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We wonder.

  • Only in the animal world does a female eat a male that she just mated with. (The Black Widow spider)
  • Only in the amimal world does a male feast on his own children at every opportunity. (The Hyena.)
  • Only in nature do animals abandon their children. (The fish in the sea, snakes in the grass for two of numerous examples.)

But other parts of nature behave otherwise. So what is morality? Is it an artifact of nature? Or is it, as many believe, God's presence among us, and only us? Or is it something else? Is nature moral? Does the context of the question matter? On other pages of this site we write that nature is amoral. What was our context when writing those words? In part we used the common belief that it is amoral to violate, torture or kill others of our species, and that nature is amoral because it does not prohibit such activities. These things happen in many species all the time. And species eat other species. Nature is silent about morality, and in that sense it is amoral. Nature and morality are not polar opposites because they are not the same thing. Nature is where the genes for morality may or may not reside.

Our world-view also is that since all species, as we live and die, are actually part of the carbon cycle in the biosphere. There can be neither morality nor immorality in that. Our biosphere is the way it is; however it came to be. How it evolves constitute the laws of nature. Survival is the issue in nature, and there, morality is a secondary issue, and then only among more advanced organisms.

The meerkats are one interesting example of how nature works. Members of the mongoose family, they form cohesive family groups of a score or more animals and live in underground dwellings -- houses. They are highly social; they groom one another, baby-sit other's pups, hunt in groups. They consciously teach their young the arts of killing and eating scorpions. And they fight other groups to the death defending their turf. Looking at the meerkat as a product of evolution, one sees precursors for the activities of "thinking man," the ultimate product of evolution in terms of intelligence -- and should we add morality? The meerkat "codes of ethics" -- care for and protect the group while propagating a culture for teaching -- are moral activites, and very human like. Also human like, their behaviors include attacking others and fighting to the death over one's homeland.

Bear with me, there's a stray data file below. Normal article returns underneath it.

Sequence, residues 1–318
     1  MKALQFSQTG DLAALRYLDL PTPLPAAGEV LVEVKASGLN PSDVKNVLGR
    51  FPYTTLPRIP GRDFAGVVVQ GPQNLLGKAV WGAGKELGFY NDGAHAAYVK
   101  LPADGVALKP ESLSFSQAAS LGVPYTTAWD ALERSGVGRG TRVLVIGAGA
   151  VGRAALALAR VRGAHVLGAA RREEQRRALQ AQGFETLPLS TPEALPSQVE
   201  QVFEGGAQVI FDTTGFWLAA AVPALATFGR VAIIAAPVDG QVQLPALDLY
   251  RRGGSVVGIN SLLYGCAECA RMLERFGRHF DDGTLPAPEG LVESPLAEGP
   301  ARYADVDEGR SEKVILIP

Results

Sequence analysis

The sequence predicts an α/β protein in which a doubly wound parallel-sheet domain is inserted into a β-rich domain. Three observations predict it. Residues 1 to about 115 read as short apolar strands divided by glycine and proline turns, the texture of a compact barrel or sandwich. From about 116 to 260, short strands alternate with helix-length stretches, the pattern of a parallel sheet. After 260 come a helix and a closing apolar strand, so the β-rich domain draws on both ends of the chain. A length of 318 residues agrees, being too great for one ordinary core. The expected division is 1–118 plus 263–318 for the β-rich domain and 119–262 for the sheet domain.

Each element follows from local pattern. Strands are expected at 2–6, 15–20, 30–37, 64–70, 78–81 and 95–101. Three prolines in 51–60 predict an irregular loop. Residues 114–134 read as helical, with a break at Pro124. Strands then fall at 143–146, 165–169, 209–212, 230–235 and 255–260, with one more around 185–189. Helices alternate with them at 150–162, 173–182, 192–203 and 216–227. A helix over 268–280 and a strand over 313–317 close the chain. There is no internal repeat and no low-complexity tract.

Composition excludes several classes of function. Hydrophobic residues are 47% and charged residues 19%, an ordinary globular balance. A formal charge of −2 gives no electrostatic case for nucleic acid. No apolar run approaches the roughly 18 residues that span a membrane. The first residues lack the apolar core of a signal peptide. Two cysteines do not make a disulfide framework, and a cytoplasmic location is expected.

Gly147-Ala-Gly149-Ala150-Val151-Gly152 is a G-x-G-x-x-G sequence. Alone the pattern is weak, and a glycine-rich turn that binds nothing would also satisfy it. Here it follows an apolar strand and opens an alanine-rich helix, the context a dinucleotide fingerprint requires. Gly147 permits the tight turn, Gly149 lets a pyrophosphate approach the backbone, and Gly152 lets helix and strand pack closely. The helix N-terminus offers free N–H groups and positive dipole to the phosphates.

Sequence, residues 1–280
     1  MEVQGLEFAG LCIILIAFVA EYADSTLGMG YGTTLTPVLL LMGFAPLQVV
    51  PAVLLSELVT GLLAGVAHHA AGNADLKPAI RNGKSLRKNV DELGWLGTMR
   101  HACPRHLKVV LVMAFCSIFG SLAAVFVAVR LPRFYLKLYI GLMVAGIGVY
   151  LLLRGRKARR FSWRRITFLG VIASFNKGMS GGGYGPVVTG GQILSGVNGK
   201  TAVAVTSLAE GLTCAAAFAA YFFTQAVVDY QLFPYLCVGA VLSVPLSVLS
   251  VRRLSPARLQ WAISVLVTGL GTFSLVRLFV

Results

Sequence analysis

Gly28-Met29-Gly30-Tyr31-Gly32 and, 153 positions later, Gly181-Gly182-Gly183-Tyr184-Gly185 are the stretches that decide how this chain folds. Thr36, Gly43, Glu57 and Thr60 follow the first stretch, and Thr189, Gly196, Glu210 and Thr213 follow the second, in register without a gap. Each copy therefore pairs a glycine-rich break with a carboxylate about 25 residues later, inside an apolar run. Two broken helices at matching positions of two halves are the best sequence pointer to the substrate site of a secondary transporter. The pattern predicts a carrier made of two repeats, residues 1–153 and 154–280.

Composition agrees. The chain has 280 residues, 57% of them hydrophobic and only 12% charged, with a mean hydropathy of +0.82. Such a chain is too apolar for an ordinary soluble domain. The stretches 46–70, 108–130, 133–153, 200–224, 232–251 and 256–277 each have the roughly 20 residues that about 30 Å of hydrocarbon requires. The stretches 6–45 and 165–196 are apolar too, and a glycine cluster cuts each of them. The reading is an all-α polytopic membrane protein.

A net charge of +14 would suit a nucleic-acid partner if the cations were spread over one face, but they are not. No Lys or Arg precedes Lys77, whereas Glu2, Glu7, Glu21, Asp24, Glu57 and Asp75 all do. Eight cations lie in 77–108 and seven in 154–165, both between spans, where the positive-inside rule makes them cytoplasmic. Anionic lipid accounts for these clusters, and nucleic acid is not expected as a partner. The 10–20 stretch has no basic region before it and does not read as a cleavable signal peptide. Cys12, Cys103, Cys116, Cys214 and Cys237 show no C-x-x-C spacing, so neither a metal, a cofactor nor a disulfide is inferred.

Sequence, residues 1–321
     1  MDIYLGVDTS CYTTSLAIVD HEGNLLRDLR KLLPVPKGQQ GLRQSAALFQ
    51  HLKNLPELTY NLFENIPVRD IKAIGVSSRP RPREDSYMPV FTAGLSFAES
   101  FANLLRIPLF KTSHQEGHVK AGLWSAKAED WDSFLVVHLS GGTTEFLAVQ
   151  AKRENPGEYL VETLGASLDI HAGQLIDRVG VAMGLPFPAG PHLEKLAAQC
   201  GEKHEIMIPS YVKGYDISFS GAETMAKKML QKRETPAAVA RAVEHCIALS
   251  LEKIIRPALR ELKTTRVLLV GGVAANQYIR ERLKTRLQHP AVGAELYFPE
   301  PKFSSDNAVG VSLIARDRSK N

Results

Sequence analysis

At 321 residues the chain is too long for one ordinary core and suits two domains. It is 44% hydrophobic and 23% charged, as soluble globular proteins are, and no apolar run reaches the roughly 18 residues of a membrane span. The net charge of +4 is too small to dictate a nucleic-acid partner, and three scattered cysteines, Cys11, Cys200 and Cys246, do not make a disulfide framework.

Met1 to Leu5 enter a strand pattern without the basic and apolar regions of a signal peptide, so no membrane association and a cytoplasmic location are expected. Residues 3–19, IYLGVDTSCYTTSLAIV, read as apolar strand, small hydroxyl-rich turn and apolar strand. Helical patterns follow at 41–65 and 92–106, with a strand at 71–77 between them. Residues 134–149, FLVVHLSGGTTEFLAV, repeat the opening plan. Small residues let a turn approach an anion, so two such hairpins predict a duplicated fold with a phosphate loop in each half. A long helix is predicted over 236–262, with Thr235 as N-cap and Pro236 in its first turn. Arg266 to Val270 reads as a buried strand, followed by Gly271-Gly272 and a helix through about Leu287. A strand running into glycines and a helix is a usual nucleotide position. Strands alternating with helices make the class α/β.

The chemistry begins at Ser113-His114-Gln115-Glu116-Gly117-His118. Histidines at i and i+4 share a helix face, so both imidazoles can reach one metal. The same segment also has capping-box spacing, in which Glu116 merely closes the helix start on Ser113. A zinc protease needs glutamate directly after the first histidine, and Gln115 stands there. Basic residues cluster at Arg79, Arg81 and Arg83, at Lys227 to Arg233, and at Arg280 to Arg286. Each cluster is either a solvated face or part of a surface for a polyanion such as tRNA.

Many other examples of animal commonalities with humans are found in nature. For one further example, Binta Jua, the lowland gorilla in the Chicago zoo who saved a 3-year old child who fell 18 feet into her habitat? Is that not also highly moral behavior? And very human-like?

We therefore cannot make a case for humanity (or any other species) being unique in morality, or in any other way except pure intelligence. If morality serves an evolutionary purpose, and it almost surely does, it survives as a "thread" of genes endowing behavioral advantages in competition with other species. Natural morality can only arise from the natural law of evolution.

To return to the larger question then: "Is nature moral?" has multiple answers: white, black, and all the grey behaviors in between. All are shades of behavior, depending on the situation. So it is not a question of natural vs moral. Natural behaviors include moral, amoral and and all degrees in between. Natural law provides only for the survival of the fittest. If some form of morality increases a species' fitness, then it survives as a trait. Morality is not a law of nature, but a result of nature.

It is not realistic to think of nature in moral terms. It can only be amoral, in the sense that it lacks morality as a mechanism, purpose or end in iteslf. In expression, however, one species or another can exhibit moral or amoral behavior. And those behaviors are not exclusive to Homo Sapiens. Nature and morality are simply different things. It is not a question of either or, however "politically proper" it might be to think in that polarized way. Nature is amoral in the sense that morality is not one of the major features giving rise to permanent competitive advantage. At the same time, nature gives rise to morality as an evolved genetic trait that may or may not give some evolutionary advantage. We say "may or may not" because school is still out whether or not human morality will win the day and bring peace to humankind. Other evolved human traits such as authoritarianism and sociopathic leadership conspire to negate morality--especially when money and empire are involved.

The Authoritarian Personality is a prominent result of such traits. Since authoritarians comprise some 60-85% of all of us, we might ask: "How is it that the other 15-40% still survive?" School is still, out and the population explosion has brought human evolution to a period of stasis, unless we interfere with the evolutionary process itself. Given that we now alter the genetic makeup of other species, it is only a matter of time until someone tinkers seriously with our own. Will that be considered moral? If nature had an answer, it might be it is either, neither, or both. But in fact nature is silent on this issue, or we presume it is, not having heard from other worlds.


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